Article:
The Illustrated Gettysburg Reader: An Eyewitness History of the Civil War’s Greatest Battle

The Illustrated Gettysburg Reader: An Eyewitness History of the Civil War’s Greatest Battle

Language: English

Pages: 265

ISBN: 1621570436

Format: PDF / Kindle (mobi) / ePub

One hundred and fifty years after the Battle of Gettysburg, the words of the soldiers and onlookers present for those three fateful days still reverberate with the power of their courage and sacrifice. The Illustrated Gettysburg Reader: An Eyewitness History of the Civil War's Greatest Battle gathers letters, journals, articles and speeches from the people who lived through those legendary three days. Tied together with narrative by historian Rod Gragg and illustrated with a wealth of photographs and images, The Illustrated Gettysburg Reader will transport you to the battlefield, immersing you in the emotional intensity of the struggle of brother against brother for the future of the United States of America.

"Here they are penetrating the heart of a hostile country leaving their homes beyond broad rivers and the largest of the enemies armies while in front of them is gathering all of resistance that can be obtained by a power fruitful of every element of military power."
Confederate soldier T.G. Pollock on the 30th of June, 1863, the day before the Battle of Gettysburg

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terrific cannonade was commenced, which lasted for more than an hour, when suddenly everything was silent. Every man knew what that silence portended. The grim blue battle line on Seminary Ridge began at once to prepare for the advance of its antagonists; both sides felt that the tug of war was about to come, and that Greek must meet Greek as they had never met before. From this point, I shall confine my description to events connected with Armistead’s brigade, with which I served. Soon after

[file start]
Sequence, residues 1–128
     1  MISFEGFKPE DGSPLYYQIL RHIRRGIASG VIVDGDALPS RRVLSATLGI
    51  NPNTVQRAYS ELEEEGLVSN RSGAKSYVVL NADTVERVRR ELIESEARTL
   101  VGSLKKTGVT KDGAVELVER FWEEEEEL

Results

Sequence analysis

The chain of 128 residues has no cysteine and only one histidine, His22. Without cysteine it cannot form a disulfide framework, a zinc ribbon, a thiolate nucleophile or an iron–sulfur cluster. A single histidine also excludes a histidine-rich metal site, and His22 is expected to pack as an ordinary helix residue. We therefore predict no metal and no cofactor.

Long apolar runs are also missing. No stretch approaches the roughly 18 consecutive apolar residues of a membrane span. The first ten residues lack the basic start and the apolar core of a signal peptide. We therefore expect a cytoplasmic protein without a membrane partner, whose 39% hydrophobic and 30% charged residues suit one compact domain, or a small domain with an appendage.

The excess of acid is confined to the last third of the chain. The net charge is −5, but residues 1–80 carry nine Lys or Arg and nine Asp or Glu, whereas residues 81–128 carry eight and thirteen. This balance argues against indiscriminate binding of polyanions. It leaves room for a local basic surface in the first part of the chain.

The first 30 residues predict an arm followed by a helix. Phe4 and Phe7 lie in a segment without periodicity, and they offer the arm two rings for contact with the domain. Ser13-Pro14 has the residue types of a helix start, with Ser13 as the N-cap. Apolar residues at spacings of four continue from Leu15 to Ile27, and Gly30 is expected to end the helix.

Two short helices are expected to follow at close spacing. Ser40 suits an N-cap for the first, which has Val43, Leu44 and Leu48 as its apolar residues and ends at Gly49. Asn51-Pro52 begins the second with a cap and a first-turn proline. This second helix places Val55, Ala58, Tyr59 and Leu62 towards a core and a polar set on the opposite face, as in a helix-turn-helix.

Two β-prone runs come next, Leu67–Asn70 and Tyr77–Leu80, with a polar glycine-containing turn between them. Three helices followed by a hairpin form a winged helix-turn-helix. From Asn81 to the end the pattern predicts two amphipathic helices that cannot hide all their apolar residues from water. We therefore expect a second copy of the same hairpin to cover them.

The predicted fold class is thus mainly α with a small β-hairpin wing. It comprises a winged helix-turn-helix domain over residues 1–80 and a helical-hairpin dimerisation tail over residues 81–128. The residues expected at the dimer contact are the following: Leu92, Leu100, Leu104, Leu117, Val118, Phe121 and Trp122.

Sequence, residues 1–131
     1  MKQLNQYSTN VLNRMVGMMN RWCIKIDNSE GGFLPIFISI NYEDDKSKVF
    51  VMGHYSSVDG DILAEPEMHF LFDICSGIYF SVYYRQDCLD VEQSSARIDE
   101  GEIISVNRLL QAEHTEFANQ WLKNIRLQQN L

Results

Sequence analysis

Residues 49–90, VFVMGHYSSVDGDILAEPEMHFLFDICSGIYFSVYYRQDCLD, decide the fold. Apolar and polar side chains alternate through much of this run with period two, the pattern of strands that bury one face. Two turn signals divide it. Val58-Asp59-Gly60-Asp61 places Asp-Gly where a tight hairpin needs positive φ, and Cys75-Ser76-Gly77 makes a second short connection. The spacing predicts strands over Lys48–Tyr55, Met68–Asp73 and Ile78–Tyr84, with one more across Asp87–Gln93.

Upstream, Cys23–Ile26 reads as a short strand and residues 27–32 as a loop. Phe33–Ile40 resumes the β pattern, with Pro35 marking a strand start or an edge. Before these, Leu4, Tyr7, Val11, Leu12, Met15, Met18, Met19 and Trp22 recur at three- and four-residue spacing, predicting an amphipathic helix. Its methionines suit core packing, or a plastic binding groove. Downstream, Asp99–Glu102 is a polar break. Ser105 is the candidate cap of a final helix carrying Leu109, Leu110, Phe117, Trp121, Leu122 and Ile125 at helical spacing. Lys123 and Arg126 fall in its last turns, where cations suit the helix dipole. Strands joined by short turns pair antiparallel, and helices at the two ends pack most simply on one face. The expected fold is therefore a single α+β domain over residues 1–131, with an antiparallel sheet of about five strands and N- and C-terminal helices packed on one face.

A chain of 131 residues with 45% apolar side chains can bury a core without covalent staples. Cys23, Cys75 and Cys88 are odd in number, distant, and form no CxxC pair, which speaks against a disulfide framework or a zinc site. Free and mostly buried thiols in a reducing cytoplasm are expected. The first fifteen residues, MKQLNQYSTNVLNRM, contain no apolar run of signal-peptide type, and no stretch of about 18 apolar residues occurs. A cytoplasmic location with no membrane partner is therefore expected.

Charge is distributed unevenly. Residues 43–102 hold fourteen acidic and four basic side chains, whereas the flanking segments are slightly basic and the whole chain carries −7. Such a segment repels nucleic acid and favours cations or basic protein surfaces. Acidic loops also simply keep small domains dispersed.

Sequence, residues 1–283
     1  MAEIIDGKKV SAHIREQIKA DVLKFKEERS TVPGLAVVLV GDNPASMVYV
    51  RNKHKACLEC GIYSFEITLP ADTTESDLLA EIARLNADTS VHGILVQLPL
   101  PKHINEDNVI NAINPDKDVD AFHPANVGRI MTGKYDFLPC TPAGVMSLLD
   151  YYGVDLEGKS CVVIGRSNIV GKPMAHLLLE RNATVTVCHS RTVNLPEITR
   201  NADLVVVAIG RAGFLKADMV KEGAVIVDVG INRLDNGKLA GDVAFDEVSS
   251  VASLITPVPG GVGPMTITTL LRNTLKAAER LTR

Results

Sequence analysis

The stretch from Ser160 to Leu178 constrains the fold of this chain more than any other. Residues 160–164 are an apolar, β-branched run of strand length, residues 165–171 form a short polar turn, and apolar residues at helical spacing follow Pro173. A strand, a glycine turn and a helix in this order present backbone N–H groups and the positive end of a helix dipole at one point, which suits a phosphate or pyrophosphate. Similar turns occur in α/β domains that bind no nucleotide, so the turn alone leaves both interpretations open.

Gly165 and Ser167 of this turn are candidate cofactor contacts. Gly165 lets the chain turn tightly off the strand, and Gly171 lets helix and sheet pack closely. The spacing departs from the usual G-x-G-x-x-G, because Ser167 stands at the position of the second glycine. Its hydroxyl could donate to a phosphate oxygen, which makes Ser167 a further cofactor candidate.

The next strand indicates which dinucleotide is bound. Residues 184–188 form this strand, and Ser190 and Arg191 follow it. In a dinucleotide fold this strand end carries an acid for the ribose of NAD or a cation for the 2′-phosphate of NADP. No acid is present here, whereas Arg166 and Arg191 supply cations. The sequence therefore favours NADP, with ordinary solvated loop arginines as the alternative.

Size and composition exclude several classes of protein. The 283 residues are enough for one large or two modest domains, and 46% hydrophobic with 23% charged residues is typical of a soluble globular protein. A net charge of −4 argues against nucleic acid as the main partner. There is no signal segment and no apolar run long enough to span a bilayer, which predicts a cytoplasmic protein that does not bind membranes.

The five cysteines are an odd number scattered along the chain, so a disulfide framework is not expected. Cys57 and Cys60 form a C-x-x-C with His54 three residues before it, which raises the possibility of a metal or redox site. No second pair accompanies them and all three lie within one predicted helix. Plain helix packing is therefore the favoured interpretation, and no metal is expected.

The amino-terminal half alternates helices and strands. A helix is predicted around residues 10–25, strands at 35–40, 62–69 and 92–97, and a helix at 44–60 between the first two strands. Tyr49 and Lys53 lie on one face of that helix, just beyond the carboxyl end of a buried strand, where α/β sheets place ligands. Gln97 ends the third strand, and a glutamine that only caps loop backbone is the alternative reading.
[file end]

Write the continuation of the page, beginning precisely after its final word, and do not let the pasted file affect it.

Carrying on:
at Cashtown or Gettysburg, as circumstances might require. The advance of the enemy to the latter place was unknown, and the weather being inclement, the march was conducted with a view to the comfort of the troops. Heth’s division reached Cashtown on the 29th, and the following morning Pettigrew’s brigade, sent by General Heth to procure supplies at Gettysburg, found it occupied by the enemy. Being ignorant of the extent of his force, General Pettigrew was unwilling to hazard an attack with his

are appropriately mentioned in the accompanying reports, and the memory or all will be gratefully and affectionately cherished by the people in whose defense they fell. The loss of Major-General Pender is severely felt by the army and the country. He served with this army from the beginning of the war, and took a distinguished part in all its engagements. Wounded on several occasions, he never left his command in action until he received the injury that resulted in his death. His promise and

events that triggered the fighting. Although he had graduated last in his class at West Point, General “Harry” Heth was viewed as a capable, experienced officer. The Gettysburg Campaign, however, was his first engagement as a division commander. Library of Congress On Gettysburg’s first day of battle, a morning clash escalated into serious fighting west of the town along both sides of the Chambersburg Turnpike. Based on a map by Hal Jespersen, Headquarters, Heth’s Division

regiment in the Confederate army: they halted under fire, closed the gaps, dressed their ranks, and resumed their assault. At the peak of the battle, as his depleted regiment drove the Iron Brigade’s line to the breaking point, Colonel Burgwyn was shot down with a mortal wound. As the regiment pressed on under Lieutenant Colonel Lane, some of the regiment’s men moved Burgwyn to the rear, where he died. One of the soldiers who assisted Burgwyn, Private William M. Cheek, would later preserve a

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